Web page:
The Phillies Nation Top 100 continues today with #42. Our mission is to assess the Top 100 Phillies players of all time using impact to the Phillies, individual achievement, team achievement, traditional stats, and analytics as our criteria. The list was compiled by Ian Riccaboni and Pat Gallen with input from the rest of the Phillies Nation staff.
From this point forward, each weekday, we will reveal two Phillies from the PN Top 100 in separate posts. To view the 2008 iteration of the list of Greatest Phillies of All Time as compiled by Tim Malcolm, please click here.
Please check back this afternoon for #41.
#42 – Jimmy Ring
Years: 1921-1925, 1928
68-98, 4.47 ERA, 1.576 WHIP in 1461 IP
Previous Rank: 72 (+30)
fWAR Phillies Rank: 12th among pitchers, 40th among Phillies
Signature Stat: Led the Phillies in the following categories in the 1920s: wins, games, games started, Ks, K/9 IP, and innings pitched
In the 1920s, there was exactly one highlight on the Phillies rather putrid pitching staffs and his name was Jimmy Ring. Through the 1920s, the Phillies went a combined 566-962 (37.04%), winning 62 games or less eight times in ten seasons, including just 50 games in 1923. Ring was acquired on November 22, 1920 for pitcher Eppa Rixey, a name you will see later in this countdown. Ring was the best player on a set of incredibly bad teams while Rixey would go on to have a Hall of Fame career. You win some trades, you lose some: the Phillies of the 1920s lost just about all of them.
Ring would be Steve Carlton in 1972 before Steve Carlton in 1972 happened: in 1923, despite his team posting a .325 winning percentage, Ring won 18 games, earning 6.0 fWAR for the season, fifth in baseball, with the eighth most innings pitched. Despite a 3.87 ERA, he was borderline dominant with the 19th highest K/9 IP in baseball. In his first stint with the Phillies, Ring was frequently above-average in terms of ERA, with the NL league average fluctuating between 3.78 and 4.26 and well above-average in K/9 IP.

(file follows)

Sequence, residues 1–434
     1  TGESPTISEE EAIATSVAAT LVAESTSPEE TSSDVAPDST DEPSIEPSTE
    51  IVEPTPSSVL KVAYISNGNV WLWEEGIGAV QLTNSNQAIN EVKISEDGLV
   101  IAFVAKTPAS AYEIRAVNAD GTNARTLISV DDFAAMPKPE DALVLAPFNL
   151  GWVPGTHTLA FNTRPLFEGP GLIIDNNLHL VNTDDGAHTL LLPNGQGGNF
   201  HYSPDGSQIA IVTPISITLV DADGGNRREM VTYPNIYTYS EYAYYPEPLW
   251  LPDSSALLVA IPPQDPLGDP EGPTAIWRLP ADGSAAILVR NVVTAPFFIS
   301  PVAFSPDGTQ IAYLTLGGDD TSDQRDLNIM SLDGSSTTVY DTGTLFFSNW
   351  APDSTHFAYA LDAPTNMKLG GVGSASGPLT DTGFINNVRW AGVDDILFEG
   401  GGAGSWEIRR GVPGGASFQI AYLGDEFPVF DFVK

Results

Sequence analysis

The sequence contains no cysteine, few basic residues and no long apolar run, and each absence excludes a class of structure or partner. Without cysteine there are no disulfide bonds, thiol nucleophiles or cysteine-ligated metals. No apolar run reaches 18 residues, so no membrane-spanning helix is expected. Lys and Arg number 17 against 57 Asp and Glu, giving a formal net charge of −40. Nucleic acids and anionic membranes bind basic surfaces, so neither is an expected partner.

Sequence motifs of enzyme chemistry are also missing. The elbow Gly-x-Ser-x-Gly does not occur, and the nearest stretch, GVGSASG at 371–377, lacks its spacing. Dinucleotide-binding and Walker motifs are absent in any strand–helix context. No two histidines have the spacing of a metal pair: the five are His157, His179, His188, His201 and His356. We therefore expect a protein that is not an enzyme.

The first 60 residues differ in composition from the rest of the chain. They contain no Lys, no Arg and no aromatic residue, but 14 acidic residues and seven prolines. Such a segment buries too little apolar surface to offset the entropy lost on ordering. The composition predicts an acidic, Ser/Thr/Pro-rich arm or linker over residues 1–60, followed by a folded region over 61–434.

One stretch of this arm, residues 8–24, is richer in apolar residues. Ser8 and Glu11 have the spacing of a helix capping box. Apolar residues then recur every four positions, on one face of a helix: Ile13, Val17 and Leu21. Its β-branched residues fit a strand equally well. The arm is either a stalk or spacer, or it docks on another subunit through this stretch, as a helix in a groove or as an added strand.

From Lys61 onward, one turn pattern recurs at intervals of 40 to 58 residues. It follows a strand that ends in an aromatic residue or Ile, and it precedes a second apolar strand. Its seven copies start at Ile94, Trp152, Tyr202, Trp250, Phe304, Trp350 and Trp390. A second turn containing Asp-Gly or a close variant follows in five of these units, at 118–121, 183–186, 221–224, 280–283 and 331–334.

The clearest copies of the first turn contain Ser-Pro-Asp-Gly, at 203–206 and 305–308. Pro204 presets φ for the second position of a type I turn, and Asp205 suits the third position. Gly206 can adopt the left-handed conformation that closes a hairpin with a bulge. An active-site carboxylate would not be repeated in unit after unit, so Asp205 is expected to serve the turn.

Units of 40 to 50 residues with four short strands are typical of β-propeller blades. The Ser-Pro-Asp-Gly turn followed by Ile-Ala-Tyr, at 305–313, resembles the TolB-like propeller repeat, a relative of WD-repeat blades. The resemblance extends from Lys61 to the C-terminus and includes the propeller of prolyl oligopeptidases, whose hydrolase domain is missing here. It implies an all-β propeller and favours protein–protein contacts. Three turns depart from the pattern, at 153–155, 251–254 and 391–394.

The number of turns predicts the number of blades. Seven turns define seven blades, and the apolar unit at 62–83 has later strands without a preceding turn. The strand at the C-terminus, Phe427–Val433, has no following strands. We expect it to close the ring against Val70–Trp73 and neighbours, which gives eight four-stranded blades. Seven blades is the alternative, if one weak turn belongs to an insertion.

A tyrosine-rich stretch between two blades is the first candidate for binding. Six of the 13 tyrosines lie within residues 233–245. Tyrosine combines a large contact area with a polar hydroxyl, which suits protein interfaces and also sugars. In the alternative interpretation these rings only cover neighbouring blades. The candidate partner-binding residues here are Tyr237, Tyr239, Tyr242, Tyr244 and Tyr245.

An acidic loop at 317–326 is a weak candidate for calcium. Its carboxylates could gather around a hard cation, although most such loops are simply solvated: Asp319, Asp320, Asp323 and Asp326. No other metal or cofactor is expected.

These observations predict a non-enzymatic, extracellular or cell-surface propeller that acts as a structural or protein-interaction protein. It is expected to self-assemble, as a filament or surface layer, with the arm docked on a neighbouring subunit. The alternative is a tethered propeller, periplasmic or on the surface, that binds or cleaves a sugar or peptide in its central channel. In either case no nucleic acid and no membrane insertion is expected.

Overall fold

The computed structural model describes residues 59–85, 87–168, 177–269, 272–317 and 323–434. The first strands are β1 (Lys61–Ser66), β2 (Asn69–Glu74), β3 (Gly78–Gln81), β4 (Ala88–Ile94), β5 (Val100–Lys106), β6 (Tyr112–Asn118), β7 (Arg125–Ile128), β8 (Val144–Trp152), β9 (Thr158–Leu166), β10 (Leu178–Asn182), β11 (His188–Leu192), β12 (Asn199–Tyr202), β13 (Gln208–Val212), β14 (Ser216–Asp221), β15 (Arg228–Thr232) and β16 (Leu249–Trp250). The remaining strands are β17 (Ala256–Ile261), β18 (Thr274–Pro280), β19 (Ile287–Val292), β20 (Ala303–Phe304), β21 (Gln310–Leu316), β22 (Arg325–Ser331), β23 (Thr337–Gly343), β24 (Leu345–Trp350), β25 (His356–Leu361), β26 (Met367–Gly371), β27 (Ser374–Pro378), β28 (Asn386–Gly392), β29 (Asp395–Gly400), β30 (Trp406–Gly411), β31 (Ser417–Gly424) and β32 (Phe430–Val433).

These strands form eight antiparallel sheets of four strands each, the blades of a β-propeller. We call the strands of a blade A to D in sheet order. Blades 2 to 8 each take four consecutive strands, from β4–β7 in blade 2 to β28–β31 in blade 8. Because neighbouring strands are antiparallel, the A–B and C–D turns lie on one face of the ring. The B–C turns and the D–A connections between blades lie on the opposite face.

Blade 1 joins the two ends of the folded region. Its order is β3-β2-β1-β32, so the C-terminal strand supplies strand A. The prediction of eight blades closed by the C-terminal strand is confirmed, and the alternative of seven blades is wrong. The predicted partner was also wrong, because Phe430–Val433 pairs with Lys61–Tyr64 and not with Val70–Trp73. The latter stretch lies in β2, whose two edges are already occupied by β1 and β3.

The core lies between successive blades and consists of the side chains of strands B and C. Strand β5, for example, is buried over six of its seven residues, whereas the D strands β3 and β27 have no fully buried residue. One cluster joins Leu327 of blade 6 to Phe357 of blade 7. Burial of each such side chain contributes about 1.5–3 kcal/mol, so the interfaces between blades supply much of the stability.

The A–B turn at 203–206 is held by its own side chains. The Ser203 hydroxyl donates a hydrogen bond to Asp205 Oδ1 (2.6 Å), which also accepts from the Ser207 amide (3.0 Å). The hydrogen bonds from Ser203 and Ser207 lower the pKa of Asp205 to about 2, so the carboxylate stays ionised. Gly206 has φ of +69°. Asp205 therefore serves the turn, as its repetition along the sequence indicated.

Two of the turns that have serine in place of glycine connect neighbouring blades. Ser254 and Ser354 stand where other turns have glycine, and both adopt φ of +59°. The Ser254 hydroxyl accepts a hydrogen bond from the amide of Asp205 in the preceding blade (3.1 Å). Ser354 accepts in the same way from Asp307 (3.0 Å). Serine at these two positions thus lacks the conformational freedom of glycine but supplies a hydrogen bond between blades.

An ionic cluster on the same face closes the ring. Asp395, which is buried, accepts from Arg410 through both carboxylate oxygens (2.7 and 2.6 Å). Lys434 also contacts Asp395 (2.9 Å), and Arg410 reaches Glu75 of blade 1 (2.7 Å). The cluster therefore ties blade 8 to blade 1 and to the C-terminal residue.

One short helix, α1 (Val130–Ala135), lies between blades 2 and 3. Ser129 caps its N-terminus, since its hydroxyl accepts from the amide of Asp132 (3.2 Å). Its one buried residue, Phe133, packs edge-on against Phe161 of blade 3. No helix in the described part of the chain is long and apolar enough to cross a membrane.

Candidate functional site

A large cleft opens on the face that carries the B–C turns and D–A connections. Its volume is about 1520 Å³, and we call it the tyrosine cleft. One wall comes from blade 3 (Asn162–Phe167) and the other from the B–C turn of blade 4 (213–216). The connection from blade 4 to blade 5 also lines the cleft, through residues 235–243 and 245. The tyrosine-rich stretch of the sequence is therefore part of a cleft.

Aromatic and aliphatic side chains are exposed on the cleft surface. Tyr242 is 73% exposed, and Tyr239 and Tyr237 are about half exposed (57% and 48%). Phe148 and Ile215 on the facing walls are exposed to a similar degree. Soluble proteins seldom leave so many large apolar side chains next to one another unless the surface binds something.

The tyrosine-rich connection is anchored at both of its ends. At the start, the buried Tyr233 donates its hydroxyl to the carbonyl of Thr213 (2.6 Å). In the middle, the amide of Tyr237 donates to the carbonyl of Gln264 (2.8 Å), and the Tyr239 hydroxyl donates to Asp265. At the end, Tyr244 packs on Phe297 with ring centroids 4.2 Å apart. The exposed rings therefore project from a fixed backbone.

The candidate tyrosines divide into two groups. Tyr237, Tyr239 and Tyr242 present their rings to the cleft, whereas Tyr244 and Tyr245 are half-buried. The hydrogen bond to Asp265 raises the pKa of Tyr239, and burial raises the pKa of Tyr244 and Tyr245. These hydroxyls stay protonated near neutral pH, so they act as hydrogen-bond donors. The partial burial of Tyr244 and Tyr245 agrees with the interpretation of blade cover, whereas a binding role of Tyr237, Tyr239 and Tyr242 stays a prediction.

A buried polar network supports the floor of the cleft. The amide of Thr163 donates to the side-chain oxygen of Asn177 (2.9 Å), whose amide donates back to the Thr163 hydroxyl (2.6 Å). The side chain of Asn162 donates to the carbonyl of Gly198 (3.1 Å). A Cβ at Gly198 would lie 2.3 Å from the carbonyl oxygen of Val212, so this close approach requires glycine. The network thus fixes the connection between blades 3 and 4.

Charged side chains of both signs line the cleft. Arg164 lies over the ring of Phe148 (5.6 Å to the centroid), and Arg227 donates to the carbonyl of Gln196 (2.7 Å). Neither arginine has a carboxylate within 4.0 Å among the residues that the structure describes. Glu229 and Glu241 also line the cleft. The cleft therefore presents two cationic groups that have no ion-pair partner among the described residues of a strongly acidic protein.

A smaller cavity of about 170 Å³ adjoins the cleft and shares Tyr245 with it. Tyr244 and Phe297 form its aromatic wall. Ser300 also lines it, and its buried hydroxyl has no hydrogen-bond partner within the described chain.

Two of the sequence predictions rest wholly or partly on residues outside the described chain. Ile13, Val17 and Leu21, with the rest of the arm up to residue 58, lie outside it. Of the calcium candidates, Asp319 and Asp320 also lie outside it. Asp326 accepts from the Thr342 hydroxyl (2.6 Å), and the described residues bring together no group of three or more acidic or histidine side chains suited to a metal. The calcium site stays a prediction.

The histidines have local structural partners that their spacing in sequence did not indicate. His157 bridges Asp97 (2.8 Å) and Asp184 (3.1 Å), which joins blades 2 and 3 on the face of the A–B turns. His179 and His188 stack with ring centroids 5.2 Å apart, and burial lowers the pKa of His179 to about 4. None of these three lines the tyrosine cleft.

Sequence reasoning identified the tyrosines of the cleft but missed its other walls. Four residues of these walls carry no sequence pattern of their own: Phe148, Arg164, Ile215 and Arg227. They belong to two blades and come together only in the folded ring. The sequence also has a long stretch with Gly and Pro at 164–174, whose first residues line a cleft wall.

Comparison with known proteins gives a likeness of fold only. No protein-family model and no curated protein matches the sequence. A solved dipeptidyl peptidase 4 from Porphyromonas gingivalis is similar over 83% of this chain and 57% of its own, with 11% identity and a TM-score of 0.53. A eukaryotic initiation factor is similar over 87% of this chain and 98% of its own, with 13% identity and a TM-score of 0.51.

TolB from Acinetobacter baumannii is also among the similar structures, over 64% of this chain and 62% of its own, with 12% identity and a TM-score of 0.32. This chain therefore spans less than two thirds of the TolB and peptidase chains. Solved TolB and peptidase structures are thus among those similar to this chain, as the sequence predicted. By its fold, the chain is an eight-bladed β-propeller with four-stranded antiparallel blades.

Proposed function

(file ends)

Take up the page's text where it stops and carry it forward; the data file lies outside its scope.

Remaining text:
Of any of the players in the Top 100, Ring likely had the most working against him during his stay on the Phillies. From 1921 through 1925, the Phillies were, by almost literally every measure, including Total Zone rating (16th out of 16 MLB teams) and fielding percentage (14th out of 16 MLB teams), the worst fielding team in all of baseball. Ring pitched in front of a team that not only could not physically get to balls but a team that, when they would get to a ball, was highly likely to commit an error on it. Combine that with the ridiculously short right-field porch at the Baker Bowl and it was a recipe for disaster for any pitcher.
Yet, some how, some way, Ring surpassed all expectations, his 64-81 (44.14%) mark from 1921 through 1925 seemingly horrible but yet still outpacing by a decent margin the success of his team (36.71%). In decisions that Ring was not involved in, the Phillies fell to a remarkably horrible 217-403. Ring was the poor-man’s 1972 Steve Carlton and quite literally the only bright spot on a set of teams that were among the worst in baseball for the entire decade when offense was exploding in an offense-friendly ballpark.